Footnote On A Cause Célèbre
To the Editor:
The article in your March issue by Irving Kristol, “‘Civil Liberties,’ 1952—A Study in Confusion,” makes reference to a Mrs. Shura Lewis, whose talk in a Washington high school about Utopian aspects of the Soviet Union aroused some controversy and caused Professor Commager to cite the attacks on Mrs. Lewis as an example of anti-Communist hysteria. Professor Commager is also quoted as saying that Mrs. Lewis “said nothing that any normal person could find objectionable.”
There is no need to discuss whether or not the furor over Mrs. Lewis’s speech imperils civil liberties in America. Mr. Kristol has handled this matter well. I merely want to cite a statement from a report recently published by the Committee on Un-American Activities entitled “The Shameful Years: Thirty Years of Soviet Espionage in the United States.” On page 18, there is a reference to Mrs. Lewis that reads as follows:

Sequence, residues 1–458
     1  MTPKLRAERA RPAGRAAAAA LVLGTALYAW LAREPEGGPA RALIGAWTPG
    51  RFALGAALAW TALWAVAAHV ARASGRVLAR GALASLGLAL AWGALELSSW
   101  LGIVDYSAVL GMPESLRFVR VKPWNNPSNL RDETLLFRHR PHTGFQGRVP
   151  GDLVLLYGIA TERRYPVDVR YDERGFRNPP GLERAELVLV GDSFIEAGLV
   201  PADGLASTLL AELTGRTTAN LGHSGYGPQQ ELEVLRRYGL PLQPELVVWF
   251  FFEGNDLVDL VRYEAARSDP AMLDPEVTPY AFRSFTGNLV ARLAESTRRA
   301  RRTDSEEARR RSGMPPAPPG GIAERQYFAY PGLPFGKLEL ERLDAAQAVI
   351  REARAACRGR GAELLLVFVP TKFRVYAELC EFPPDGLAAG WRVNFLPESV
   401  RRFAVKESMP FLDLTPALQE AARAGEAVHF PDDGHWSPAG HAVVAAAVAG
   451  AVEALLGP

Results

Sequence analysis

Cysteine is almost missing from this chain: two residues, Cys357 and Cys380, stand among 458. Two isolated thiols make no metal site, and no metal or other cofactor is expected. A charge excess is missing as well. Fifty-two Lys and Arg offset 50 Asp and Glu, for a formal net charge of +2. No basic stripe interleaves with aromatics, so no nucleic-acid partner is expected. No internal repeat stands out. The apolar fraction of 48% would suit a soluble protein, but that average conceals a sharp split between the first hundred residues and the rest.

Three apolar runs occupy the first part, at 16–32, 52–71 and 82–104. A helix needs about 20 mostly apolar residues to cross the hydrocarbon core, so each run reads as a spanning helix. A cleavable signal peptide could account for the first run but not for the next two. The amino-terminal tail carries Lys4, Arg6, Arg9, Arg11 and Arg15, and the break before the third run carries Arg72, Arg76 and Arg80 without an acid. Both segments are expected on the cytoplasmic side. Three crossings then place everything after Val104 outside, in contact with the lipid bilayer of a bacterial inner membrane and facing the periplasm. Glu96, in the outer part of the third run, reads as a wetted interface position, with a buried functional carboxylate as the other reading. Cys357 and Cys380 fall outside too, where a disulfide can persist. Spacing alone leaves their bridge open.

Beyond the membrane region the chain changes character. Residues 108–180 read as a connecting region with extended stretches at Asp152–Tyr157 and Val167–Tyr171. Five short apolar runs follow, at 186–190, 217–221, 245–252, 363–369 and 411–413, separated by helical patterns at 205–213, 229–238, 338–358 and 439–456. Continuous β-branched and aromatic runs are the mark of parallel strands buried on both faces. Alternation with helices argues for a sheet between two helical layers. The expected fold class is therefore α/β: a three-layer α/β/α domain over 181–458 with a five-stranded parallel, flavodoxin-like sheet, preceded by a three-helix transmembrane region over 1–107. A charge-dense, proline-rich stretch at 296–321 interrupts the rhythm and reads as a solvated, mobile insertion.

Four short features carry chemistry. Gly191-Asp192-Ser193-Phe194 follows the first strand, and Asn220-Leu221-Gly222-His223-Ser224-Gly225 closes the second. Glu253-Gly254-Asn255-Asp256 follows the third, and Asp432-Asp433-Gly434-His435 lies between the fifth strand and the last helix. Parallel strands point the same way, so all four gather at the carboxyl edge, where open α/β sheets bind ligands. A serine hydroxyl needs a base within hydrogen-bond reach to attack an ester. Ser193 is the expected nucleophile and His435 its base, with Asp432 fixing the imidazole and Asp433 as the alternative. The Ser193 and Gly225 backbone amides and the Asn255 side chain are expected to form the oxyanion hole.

Mrs. (Hermann H.) Habicht, since her arrival in the United States, has been an ardent apologist for the Soviet Union and has persistently curried favor with Soviet representatives. . . . Mrs. Habicht also has been closely associated with Shura Lewis, a Russian national in this country through her marriage to an American citizen.
Mrs. Lewis is known to have been in contact with Mr. and Mrs. Vassili Zubilin, both of whom have been identified to the committee as agents of the NKVD. In fact, investigation has disclosed that at the time of the contact Vassili Zubilin was directing NKVD operations in the United States.
Mrs. Lewis also received considerable publicity at a later date when she addressed a high school group in Washington, D.C. and extolled the merits of Soviet Russia as compared to the United States.
New York City